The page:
In general, a healthy smile is a beautiful smile, and vice versa. But in some cases, some very unattractive features might be associated with better health. That’s the case with black stains on teeth, which are generally linked to a lower cavity risk.
What Are “Black Stains”?
Black stains seems like a generic term, but among dentists, the term has a fairly specific meaning. It refers to a black line that is found at the neck of the tooth, where it enters the gums. Depending on the case, the line might be solid or dashed, several disconnected black dots or a thick line. At first, these stains may seem like cavities, but they’re not. They’re also not normal tooth discoloration related to foods and beverages.
These black lines on teeth are actually just a form of tartar, also called dental calculus. Tartar forms when oral plaque absorbs minerals from the saliva and essentially becomes fossilized. This buildup won’t be removed by brushing or other home hygiene procedures. It has to be removed as part of a professional cleaning.
The specific minerals absorbed by your tartar makes these black lines. Excessive absorption of iron and copper creates these black marks on teeth.
Telling the Difference between Black Stains and Cavities
How do you tell the difference between black stains, cavities, discoloration, and other tooth problems? The biggest difference is that black stains are a buildup on your teeth, but cavities are a hole in the tooth. Can’t tell the difference just by looking? Use your tongue or a tool that’s safe for your tooth (such as a toothpick or flosser) to feel the dark area. If it’s built up from the tooth, it’s a black stain. If it’s a hole, it’s a cavity.
A black stain that is neither built up nor a hole is likely discoloration. Usually, discoloration spreads all over your teeth. Localized discoloration could be caused by habits that stain teeth in a particular area, like smoking. Or staining might collect because a tooth is damaged: chipped or cracked enamel collects stains.
And, of course, Teeth Whitening Irvine that turn black. When the silver filling rusts, it becomes black. This doesn’t mean it’s unhealthy, but it does mean it’s unattractive. Which makes it a strong argument in favor of tooth-colored fillings.
The Stains Don’t Actually Protect Your Teeth
It’s important to understand that black stains themselves don’t actually protect your teeth from cavities. Instead, they’re associated with a lower cavity risk because they develop in mouths where conditions help protect your teeth from decay.
Many people develop black tartar as children. These black stains tend to develop in people whose saliva contains high levels of calcium. This high calcium level makes it more likely that tartar will trap discoloring elements. But high calcium levels also help your saliva neutralize acid better. There’s a reason why we use calcium for antacids–it’s a powerful ion for buffering acids.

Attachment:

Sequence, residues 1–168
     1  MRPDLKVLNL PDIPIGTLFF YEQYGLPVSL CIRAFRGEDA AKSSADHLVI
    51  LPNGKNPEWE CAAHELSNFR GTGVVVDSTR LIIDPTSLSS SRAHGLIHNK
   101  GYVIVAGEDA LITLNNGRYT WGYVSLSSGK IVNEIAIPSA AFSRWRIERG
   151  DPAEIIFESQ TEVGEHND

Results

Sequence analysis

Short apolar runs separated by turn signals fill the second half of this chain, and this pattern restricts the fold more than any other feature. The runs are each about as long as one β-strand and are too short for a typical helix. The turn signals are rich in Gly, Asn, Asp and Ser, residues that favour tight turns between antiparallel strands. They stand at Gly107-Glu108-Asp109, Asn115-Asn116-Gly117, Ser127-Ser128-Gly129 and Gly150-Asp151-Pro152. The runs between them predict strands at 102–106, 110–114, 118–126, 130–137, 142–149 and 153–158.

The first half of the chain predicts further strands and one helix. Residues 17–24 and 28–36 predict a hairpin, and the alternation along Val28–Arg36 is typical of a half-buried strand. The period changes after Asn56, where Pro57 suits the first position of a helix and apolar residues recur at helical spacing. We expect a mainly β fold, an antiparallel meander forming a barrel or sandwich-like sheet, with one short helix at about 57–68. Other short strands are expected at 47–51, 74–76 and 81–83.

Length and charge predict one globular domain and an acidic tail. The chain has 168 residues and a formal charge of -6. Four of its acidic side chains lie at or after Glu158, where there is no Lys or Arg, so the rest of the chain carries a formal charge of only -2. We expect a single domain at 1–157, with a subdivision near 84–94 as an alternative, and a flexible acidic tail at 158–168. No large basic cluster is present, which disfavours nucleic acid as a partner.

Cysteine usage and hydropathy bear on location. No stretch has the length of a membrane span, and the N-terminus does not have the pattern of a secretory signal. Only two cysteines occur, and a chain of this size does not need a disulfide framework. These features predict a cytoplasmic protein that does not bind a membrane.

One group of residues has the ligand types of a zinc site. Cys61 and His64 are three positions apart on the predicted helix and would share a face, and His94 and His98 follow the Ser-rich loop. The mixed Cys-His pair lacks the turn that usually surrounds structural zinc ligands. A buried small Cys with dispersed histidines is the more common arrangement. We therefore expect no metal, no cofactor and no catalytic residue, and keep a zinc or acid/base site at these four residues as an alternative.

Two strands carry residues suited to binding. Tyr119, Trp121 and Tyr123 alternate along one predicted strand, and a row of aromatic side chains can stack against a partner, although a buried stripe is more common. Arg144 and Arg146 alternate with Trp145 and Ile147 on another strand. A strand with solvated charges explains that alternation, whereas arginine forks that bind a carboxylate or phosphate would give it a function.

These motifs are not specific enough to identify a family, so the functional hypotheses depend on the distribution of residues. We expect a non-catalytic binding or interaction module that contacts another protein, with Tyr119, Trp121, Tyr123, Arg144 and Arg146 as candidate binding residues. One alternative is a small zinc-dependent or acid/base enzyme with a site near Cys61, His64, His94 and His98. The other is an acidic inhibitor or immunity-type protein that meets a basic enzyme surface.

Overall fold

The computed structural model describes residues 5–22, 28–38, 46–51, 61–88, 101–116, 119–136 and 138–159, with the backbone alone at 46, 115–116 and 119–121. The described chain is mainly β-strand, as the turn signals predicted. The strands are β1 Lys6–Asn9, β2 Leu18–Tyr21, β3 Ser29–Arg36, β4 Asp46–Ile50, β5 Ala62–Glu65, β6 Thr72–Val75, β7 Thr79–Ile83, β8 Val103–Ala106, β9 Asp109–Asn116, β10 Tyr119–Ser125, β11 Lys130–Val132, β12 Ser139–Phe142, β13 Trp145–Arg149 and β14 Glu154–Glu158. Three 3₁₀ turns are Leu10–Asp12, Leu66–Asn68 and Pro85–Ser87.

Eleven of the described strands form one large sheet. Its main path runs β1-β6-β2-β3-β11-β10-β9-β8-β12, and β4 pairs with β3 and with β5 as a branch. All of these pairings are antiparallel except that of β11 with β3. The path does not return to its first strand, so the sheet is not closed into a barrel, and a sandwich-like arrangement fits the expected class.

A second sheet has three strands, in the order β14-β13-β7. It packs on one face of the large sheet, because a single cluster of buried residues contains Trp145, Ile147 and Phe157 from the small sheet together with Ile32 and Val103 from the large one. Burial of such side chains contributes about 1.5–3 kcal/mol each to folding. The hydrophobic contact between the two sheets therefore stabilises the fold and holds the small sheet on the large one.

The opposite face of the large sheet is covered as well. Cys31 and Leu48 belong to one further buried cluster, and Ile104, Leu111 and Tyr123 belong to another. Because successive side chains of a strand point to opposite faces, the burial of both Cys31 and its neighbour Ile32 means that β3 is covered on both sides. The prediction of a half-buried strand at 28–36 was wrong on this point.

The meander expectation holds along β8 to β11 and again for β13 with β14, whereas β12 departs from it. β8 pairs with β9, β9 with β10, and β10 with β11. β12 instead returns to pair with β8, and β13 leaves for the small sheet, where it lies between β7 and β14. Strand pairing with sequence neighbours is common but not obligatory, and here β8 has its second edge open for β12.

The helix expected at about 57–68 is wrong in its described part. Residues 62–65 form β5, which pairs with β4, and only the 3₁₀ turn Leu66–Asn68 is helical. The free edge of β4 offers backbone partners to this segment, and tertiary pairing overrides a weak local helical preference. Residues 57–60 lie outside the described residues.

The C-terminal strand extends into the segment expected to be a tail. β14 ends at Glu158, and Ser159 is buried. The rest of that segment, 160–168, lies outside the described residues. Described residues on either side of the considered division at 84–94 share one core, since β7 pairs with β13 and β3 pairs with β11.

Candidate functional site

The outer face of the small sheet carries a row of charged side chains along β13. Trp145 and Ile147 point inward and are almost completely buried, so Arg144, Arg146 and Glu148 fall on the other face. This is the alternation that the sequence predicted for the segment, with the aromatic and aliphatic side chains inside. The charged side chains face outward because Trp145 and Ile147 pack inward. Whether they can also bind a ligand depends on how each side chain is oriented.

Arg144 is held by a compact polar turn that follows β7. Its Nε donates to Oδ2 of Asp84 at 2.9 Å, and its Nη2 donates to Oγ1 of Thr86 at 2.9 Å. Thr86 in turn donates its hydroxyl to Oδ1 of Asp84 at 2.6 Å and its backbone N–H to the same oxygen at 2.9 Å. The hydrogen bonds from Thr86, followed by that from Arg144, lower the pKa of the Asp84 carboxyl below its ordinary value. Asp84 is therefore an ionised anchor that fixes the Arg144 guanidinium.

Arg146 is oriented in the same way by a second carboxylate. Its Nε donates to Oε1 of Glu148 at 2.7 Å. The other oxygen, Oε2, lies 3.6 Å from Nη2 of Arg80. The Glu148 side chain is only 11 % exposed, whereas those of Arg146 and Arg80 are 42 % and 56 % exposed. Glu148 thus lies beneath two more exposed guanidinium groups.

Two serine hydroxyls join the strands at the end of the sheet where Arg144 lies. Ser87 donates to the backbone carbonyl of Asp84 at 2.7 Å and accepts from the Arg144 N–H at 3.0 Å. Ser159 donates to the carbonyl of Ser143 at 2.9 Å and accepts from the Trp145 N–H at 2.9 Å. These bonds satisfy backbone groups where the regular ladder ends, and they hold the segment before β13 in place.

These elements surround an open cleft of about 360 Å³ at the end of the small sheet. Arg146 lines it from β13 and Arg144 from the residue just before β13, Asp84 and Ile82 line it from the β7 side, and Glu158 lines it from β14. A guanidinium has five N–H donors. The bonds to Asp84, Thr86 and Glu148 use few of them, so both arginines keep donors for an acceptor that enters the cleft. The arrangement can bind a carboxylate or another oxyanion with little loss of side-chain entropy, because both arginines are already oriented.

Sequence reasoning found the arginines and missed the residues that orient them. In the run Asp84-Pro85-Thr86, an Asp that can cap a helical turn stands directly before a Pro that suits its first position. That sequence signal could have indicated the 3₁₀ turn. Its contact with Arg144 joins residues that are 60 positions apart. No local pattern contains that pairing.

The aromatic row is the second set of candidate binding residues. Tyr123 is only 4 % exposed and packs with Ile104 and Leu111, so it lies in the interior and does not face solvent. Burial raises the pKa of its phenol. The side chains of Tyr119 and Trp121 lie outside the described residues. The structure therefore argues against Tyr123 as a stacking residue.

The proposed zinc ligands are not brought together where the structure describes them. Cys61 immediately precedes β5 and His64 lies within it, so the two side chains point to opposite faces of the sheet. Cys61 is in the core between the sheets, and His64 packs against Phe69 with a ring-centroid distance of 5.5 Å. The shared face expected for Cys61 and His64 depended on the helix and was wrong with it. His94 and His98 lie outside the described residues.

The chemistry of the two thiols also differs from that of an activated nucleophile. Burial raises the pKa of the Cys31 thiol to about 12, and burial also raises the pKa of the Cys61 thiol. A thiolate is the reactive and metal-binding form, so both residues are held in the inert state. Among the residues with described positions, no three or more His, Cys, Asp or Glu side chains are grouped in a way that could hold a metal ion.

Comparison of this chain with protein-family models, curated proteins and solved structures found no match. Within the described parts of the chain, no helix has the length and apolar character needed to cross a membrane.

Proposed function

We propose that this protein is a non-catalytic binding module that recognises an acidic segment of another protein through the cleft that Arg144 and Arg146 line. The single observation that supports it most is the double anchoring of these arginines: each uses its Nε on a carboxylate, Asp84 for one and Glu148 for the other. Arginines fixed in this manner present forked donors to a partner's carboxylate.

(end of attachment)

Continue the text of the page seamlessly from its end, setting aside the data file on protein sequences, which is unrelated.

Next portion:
Liquid iron supplements can also cause your tartar to turn black.
The other condition associated with black stains is predominance of Actinomyces species of oral bacteria. These bacteria are less likely to cause cavities, they mostly cause minor demineralization of tooth enamel. However, Actinomyces can cause root cavities. The tooth root is more vulnerable to cavities, so Actinomyces can cause major damage there. This could be a problem if you develop receding gums.
Receding gums are also the cause of black tartar for some people. When bacteria damage your gums, they bleed, and this blood supplies extra iron that the tartar absorbs. If your tartar changes color and becomes darker, you should consider it a warning sign for receding gums and talk to a dentist. Receding gums don’t just put your teeth at risk, they can create unattractive black triangles between teeth.
More Frequent Cleanings Can Control Black Stains
If you experience black tartar stains, there are easy treatments available. The simplest is to just increase the frequency of your regular dental cleanings. That will allow us to remove the tartar before it builds up and creates a visible stain. More regular dental cleanings can also help protect you against gum disease, which leads to receding gums. And it will allow us to check your teeth to make sure the black spots on your teeth are not cavities. Remember, it’s not the stains themselves that protect teeth. It’s the conditions that create the stains also protect your teeth. Removing the stains improves the appearance of your smile and doesn’t put your teeth at risk.
If you are unhappy with the appearance of black stains or other problems with the appearance of your smile, please call (949) 551-5902 today for an appointment with an Orange County cosmetic dentist at Rice Dentistry in Irvine.